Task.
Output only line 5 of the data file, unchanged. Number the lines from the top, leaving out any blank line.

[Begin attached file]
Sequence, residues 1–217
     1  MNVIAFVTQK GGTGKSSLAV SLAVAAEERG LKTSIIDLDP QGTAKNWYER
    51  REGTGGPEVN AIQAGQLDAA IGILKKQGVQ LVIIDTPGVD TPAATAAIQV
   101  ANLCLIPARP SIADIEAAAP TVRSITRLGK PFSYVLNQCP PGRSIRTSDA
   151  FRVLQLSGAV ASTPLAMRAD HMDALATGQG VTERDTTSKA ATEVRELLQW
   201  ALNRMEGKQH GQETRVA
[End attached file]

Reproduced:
   151  FRVLQLSGAV ASTPLAMRAD HMDALATGQG VTERDTTSKA ATEVRELLQW